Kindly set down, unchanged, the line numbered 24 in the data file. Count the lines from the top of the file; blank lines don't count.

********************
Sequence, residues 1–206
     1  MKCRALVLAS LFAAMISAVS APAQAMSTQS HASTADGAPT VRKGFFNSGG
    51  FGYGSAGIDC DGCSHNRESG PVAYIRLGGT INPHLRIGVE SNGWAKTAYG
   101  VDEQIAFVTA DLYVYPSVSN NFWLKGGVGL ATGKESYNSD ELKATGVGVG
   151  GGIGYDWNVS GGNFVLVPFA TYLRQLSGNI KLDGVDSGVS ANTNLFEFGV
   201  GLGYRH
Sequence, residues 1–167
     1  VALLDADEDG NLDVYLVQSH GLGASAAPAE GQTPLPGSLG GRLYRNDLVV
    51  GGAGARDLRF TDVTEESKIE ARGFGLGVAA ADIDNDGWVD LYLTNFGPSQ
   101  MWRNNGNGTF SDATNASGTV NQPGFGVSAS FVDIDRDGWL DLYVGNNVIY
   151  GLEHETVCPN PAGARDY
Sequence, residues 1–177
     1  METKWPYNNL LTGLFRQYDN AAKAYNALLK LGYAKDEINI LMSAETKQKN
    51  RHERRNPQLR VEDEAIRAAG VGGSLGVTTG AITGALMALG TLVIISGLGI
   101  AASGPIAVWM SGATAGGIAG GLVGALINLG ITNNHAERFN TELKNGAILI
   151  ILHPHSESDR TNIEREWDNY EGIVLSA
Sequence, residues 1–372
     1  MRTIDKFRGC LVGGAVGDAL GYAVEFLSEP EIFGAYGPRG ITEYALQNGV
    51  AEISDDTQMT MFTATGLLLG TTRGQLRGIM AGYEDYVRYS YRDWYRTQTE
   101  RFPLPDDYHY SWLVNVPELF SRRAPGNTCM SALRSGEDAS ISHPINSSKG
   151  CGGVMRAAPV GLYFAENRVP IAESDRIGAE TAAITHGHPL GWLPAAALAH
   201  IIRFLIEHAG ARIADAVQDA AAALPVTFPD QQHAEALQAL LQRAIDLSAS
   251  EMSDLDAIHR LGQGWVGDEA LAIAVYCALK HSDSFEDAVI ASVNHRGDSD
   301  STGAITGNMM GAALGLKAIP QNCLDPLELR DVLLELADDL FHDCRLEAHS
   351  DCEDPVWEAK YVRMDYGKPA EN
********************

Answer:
   301  STGAITGNMM GAALGLKAIP QNCLDPLELR DVLLELADDL FHDCRLEAHS